Devon Isaacs, a clinical/counseling psychology doctoral student at Utah State University, has been named a 2021 K. Patricia Cross Future Leaders Awardee. Isaacs is one of only nine students nationwide to receive the award.
Presented by the Association of American Colleges & Universities, the award recognizes graduate students who show exemplary promise as future leaders of higher education and who are committed to academic innovation in the areas of equity, community engagement and teaching and learning. The award is given in honor of the work of K. Patricia Cross, professor emerita of higher education at the University of California-Berkeley.
"Devon embodies the purpose of the K. Patricia Cross Future Leaders Award," said Melissa Tehee, an assistant professor of psychology and director of the American Indian Support Project at USU. "I have worked closely with Devon for almost four years and her passion and ability to empower others has been apparent with every conversation."
As a minority student, Isaacs has had firsthand experience with the prejudice, stereotyping and erroneous assumptions held by many in the academic world. To address those systemic issues, Isaacs co-developed TEACH (Training for Educators Advancing Cultural competence in Higher education) with Tehee.
The training module began as a Canvas course developed for research mentors hosting Native American students in USU's Native American Summer Mentorship Program (NASMP), funded by a $1 million grant from the Howard Hughes Medical Institute. It has grown into a training platform offered to all USU faculty and staff as well as K-12 educators serving Indigenous populations, from which the NASMP students are recruited. TEACH is aimed internally for faculty working with diverse students, but also more broadly as research in many disciplines at USU frequently involves field experiences on Indigenous lands. Likewise, staff with frequent student interaction like residential life or advising benefit from the training.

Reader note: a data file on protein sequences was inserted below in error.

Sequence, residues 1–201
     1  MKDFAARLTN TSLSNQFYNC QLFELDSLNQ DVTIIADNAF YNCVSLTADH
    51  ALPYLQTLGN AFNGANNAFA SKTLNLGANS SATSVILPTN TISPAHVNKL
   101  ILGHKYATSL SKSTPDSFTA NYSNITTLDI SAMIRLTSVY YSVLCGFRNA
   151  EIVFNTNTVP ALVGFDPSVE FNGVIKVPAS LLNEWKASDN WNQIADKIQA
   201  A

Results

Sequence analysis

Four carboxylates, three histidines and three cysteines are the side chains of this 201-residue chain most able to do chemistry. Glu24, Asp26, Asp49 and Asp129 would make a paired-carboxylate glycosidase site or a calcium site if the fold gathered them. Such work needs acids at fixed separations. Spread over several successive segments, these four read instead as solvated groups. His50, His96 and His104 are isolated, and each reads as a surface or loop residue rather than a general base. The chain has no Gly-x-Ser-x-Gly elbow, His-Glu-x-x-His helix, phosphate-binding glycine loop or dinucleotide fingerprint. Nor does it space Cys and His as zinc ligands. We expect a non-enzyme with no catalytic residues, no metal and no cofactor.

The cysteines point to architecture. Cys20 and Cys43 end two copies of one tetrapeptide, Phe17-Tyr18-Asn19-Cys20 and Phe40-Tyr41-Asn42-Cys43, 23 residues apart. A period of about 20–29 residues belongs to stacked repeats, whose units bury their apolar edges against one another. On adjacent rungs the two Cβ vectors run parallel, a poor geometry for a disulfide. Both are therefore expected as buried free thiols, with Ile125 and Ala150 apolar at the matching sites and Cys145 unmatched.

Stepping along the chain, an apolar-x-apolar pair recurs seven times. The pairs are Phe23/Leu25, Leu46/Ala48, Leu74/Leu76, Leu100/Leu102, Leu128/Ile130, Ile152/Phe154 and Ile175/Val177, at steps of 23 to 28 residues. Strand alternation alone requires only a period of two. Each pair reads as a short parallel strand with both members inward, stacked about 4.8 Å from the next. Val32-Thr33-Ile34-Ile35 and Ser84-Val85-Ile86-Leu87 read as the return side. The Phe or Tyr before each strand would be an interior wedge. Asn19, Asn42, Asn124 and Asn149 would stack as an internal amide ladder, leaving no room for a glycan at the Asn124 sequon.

Isaacs has been working with the Office of Research to develop a shorter, introductory unit to cultural competence that will be offered to any research mentor at USU, recommended to incoming faculty and will hopefully encourage more faculty to go through the full TEACH course.
"Devon has emerged as a leader in the field of cultural competency training with the mentorship of Dr. Tehee and her work is already showing far-reaching and meaningful impacts," said Alexa Sand, associate vice president for research at USU, who nominated Isaacs. "The frequency with which she is asked to speak publicly on issues pertaining to Native health and youth demonstrate that she is already viewed as an authority and leader in her field."
Isaacs remains focused on addressing the challenges she still sees in higher education.
"I do not consider myself a person who seeks the spotlight, but I am grateful for recognition of student-led efforts at equity, community-engagement and innovative practices," Isaacs said. "The work to come will be harder, the criticisms sharper, and the divisions wider. We will need everyone to pitch in. It is a hard road that requires perseverance and resilience, but my struggles are now strengths that help me empower others."
Isaacs' work is in part funded by a competitive Presidential Doctoral Research Fellowship through Utah State and a Ford Predoctoral Fellowship, awarded by the National Academies of Sciences, Engineering and Medicine to support diversity in higher education.